PoetryIssue 05 | June 2009

hagiography by the jordan

by Desmond Kon Zhicheng-Mingdé

bedspread of bast fibres, that we’ll do; to feel barren like unpainted bodies, abandoned
desolate and hollow, hydrogen; tell me there’s no forever, that’s when I’ll stop loving
white as epistles personified apostolic, carrying candles and keris daggers as if it mattered;
can your unani medicine heal me, momin? can you pilot your ghazals to escalade me
into a noble height? that we’ll do, to remember what lavish values remind us; why do we
colonise ourselves through and through, knavish sentiment, legs splayed and unguarded?
I do not feel noble; whither freedom when we hunt for it? do we chase ocean freedoms
into kharg island lands? what new sands, its reclaimed loves? does freedom kiss you back
when you blow it kisses like that fortune teller’s voice, how it breathes my jyotish wish?
I want to kiss back fond farewells, like good goodbyes; I want more, usable afternoons
when even wooden floors demand to be written and warm air emanates, whitened pillars;
and light casts itself onto ceilings as if I dared — I could walk to heaven, so time forces
itself a brevity, so time can be short, an abbreviation, stories abridged; how contrivances
count themselves into prostrate assurances; I am not as tall as salat, momin, nor as stately
or indignant; I am but suggestion, vega falling into the starburst of altair, always hopeful;
though for poets like us, our geranium eyes are bloodshot markings, same blood patterns
dry on your chapped lips; the steps are hidden in backrooms, so only sluggish aisles show;
they are like love, that is so simple when you think of it; they’re like makeshift weddings
a civil conversation, that we’ll do; and horace rises like the air here, like something poetic
from the holes in the floor; I desire no paintings of myself nor silkscreens graphing faith
I wish I had your face though, petrous and piloted as artists who draw the real; they say
you did look like this, tusche from the neck up, sombre bare existence, my similar paucity;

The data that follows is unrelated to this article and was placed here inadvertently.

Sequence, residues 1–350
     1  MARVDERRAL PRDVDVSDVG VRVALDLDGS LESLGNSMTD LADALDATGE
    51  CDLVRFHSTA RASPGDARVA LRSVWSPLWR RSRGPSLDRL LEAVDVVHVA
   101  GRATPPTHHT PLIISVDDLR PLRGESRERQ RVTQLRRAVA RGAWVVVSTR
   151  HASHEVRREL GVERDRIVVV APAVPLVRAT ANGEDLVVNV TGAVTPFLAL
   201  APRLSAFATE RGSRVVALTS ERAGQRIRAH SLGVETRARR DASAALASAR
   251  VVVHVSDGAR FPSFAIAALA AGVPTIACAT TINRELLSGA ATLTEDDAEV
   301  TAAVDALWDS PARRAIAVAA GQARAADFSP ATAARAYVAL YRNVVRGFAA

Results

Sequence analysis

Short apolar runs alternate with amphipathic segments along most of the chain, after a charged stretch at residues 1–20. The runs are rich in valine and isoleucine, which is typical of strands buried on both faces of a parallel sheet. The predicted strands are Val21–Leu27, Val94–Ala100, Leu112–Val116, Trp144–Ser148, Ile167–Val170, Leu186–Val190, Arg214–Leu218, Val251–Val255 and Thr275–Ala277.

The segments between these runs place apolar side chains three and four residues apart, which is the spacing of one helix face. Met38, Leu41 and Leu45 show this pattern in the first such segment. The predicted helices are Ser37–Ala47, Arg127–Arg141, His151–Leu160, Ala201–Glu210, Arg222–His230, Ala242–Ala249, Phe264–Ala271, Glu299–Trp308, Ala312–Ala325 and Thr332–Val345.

and we’ll let our empty bodies do the longing rest; a blink and arabesque, that we’ll do

About the author

Born in Malaysia and raised in Singapore, Desmond Kon Zhicheng-Mingdé‘s work in lifestyle and developmental journalism has taken him to Australia, Cambodia, France, Hong Kong and Spain, where he’s written hundreds of stories about everyone but himself. Desmond views almost everything – names of places included – as quasi-metaphorical. Life has become much harder thinking that way. His recent work can be found in Agni, Gulf Coast, Harpur Palate, Seneca Review and Sonora Review.

Read our current issue:


Two poems by Anne Babson
Vignette, Townhouse, 9 a.m. by Troy Cunio
Night Becomes Day Over the West by Megan Foley
Yukon River Aurora by D. B. Goman
Two Poems by David Havird
Cretan Love Letter by Emily Linstrom
Holland by Rick Mullin
Fear in Kenya by Kristina Pfleegor
The Lounge Lizard by Ed Shacklee
Two Poems by Sarah J. Sloat
Night Flight by Vicki Stannard
Koinonia Farms by Alina Stefanescu
Thessaloniki, Four a.m. by Anastasia Vassos
Imaginary Oceans by Jason Warren
Two Poems by F. J. Williams

Postcard prose

It’s Salty by Kelly Hill

Travel notes

Anchorage in the Great Land by Karen Benning
The Value of Small Money by Megan Hallinan
Screensaver by Sandra Larson
Thirty Cents by Tommy McAree
Gokarna by Kate McCahill
Going Places by Rachel Miller-Howard
Susanville CA: Notes From The Road by Susan Volchok